THE LONG-RUN PERFORMANCE AND
PRE-SELLING INFORMATION OF
INITIAL PUBLIC OFFERINGS
Anlin Chen and James F. Cotter
ABSTRACT
We show that private information as well as public information is
important in revising the terms of the offer during the pre-selling period
(or the waiting period) and that when the revealed private information is
positive, the underwriter compensates the investors for this information by
underpricing the issue more than when the information is negative. Even
though the cost of compensating positive information is quite high, the
issuer still benefits from the positive information in that the wealth
transferred to the investors is smaller under underwriter’s information
acquisition activities. Furthermore, IPO long-run performance is neg-
atively related to the positive information revealed during the waiting
period and the underwriter prestige. Finally, IPO firms without receiving
significant information during the waiting period survive longer after
issuance.
1. INTRODUCTION
Theoretical models by Benveniste and Spindt (1989) and Benveniste, Busaba
and Wilhelm (1996) examine the initial public offering (IPO) process when the
underwriter plays an active role in marketing the offer to investors and setting
Advances in Investment Analysis and Portfolio Management, Volume 9, pages 203–232.
Copyright © 2002 by Elsevier Science Ltd.
All rights of reproduction in any form reserved.
ISBN: 0-7623-0887-7
203
the parameters of the offering. A growing body of empirical literature analyzes
the observable activities of the underwriter and documents the factors that
affect the relationship between the issuer and investors in an IPO. This paper
examines the competing objectives of each party in the IPO process and
empirically documents the role the underwriter plays in balancing the differing
financial objectives of issuer, and investors. Specifically, we examine the costs
and benefits of the underwriter’s attempts to gather information to help issue a
successful offering. Further, we show how the financial incentives of each
participant are satisfied, either wholly or in part, given the other parties to the
transaction. Finally, we also show the effects of market fads on the adjustment
of pricing terms and on the short-run and long-run performance.
When a private firm is considering an equity offering, it must first interview
underwriting firms and select the appropriate investment bank to provide
advising and underwriting services. Once selected, the underwriter, in
conjunction with other advisers (accounting, legal, etc.), formulates a strategy
for the issuer to offer equity securities to the market. The first administrative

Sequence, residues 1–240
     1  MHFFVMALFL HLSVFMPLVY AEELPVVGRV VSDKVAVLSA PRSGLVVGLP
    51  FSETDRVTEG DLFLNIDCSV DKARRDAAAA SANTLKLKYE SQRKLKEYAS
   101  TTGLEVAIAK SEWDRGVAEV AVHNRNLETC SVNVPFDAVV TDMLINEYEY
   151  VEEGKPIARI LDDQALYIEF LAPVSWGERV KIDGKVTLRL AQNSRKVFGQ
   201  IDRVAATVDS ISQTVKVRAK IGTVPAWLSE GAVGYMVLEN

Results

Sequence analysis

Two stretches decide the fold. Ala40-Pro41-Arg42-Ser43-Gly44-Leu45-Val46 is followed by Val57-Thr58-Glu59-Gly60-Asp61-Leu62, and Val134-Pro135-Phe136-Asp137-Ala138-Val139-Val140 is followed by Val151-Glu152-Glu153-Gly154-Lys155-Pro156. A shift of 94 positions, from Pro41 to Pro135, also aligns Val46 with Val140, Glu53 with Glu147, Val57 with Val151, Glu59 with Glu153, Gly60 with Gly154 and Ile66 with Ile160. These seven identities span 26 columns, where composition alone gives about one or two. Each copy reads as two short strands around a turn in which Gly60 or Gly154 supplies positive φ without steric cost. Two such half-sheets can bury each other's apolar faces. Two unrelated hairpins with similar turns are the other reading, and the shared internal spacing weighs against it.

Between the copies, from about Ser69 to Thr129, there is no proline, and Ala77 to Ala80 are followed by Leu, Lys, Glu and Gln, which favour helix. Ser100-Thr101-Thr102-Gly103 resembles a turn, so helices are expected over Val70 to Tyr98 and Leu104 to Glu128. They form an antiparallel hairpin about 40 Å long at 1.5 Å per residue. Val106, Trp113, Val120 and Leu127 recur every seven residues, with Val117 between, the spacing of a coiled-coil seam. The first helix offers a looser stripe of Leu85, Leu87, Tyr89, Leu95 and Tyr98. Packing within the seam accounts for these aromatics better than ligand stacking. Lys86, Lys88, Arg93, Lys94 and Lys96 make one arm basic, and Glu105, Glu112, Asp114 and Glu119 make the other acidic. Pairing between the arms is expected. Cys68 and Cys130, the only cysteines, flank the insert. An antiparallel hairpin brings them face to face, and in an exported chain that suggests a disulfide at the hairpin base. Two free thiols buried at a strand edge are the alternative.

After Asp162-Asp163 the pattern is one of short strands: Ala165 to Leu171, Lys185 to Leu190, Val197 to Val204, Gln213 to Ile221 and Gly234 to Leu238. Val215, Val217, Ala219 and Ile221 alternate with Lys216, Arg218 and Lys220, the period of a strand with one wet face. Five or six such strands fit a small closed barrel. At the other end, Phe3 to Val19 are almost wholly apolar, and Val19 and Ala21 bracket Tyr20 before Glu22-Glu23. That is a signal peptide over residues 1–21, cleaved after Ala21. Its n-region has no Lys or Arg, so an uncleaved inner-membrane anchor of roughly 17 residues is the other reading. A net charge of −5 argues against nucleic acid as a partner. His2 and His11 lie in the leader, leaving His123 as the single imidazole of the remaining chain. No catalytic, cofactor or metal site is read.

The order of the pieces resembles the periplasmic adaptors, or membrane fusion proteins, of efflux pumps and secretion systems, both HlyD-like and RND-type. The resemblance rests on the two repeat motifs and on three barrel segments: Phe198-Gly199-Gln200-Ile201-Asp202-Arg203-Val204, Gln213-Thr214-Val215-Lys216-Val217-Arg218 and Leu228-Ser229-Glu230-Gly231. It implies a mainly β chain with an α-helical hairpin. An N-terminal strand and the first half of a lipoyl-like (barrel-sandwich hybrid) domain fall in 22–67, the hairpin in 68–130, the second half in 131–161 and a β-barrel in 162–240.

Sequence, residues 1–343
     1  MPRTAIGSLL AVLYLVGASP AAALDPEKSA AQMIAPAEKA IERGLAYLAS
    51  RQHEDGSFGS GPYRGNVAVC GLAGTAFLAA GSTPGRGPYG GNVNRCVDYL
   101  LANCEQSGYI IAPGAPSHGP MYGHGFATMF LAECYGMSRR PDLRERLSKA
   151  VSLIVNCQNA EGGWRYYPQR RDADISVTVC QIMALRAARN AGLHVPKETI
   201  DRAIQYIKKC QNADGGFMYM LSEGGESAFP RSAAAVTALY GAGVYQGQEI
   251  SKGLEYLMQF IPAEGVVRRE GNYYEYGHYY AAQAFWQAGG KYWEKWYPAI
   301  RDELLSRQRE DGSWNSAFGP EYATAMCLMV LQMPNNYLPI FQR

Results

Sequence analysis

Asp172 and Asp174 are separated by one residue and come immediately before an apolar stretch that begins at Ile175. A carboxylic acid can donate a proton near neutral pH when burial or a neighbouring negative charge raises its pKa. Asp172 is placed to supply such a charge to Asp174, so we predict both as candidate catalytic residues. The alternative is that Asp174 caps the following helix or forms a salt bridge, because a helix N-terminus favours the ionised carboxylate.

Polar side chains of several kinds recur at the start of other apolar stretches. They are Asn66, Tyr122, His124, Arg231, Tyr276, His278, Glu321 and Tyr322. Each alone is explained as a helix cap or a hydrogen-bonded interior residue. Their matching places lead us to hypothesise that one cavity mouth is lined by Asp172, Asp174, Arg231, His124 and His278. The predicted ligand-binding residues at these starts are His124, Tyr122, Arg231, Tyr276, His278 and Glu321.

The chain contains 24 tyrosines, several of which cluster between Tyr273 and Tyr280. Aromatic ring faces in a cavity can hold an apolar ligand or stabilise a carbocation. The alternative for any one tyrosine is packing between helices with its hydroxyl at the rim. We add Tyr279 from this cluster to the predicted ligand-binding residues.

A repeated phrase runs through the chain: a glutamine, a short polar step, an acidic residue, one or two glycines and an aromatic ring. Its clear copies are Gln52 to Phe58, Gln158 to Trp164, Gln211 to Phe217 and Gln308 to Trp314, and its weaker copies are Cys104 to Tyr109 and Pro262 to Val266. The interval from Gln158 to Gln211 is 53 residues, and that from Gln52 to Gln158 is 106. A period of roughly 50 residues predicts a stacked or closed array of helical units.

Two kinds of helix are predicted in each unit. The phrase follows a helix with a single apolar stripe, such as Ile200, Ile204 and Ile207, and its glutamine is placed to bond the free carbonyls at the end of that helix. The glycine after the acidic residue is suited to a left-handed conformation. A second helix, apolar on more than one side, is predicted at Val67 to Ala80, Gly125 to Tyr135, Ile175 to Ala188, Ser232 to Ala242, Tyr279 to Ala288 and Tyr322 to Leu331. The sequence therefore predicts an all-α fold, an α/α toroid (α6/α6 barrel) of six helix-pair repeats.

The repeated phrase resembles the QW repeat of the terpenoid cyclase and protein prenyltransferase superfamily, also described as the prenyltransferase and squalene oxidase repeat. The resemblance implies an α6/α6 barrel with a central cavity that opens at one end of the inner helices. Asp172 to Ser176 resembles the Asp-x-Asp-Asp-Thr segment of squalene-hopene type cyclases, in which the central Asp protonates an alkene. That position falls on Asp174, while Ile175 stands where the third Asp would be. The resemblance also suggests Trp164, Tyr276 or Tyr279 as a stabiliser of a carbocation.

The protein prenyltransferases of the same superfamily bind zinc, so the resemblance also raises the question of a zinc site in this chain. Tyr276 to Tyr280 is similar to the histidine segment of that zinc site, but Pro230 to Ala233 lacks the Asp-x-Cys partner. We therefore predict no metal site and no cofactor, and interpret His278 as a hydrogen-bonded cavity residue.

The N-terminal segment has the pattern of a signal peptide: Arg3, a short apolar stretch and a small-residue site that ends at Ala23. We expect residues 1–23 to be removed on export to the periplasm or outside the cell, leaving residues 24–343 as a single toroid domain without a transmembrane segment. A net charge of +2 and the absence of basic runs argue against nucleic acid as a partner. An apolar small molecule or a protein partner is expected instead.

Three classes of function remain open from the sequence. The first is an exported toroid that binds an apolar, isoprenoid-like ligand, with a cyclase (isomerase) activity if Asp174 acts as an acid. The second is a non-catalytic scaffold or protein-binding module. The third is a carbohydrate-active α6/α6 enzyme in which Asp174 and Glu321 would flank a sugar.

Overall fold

step in the process involves preparing and filing a registration statement. In
addition to detailed discussion of the issuer’s business operations and financial
condition, the underwriter and the issuer must agree on their first estimate of
the offering terms, including the offer price range and number of shares that the
issuer plans to offer. The period of time between filing of the registration
statement and the actual offering of securities is called “waiting period”.
During the waiting period, the underwriter assumes a special responsibility
to market the offer to the investment community and attempt to determine the
demand for the securities offered. Especially, for firm commitment offerings,
the underwriters bear the proceeds risk in case the issuance may fail.
Interestingly, the information the underwriter is seeking both from the market
and from the investors will lead to changes in the terms of the offer that
potentially may have an adverse affect on the investors’ financial situation. For
example, assume that the terms of the offer filed in the registration statement
are attractive to the investors considering the offer. If the investors
communicate their strong intent to purchase the offering, the underwriter then
knows that the terms of the offer can be adjusted to increase the price and/or
the number of shares offered.
In this paper, we examine the benefit of the issuer, and investors in an
attempt to document the role of information acquisition activities prior to
issuance and IPO long-run performance with respect to the information
received during the waiting period. We find that issuers benefit from the
underwriter’s activities because the benefits of higher proceeds when demand
is strong (positive information) are larger than when demand is weak (negative
204 ANLIN CHEN AND JAMES F. COTTER

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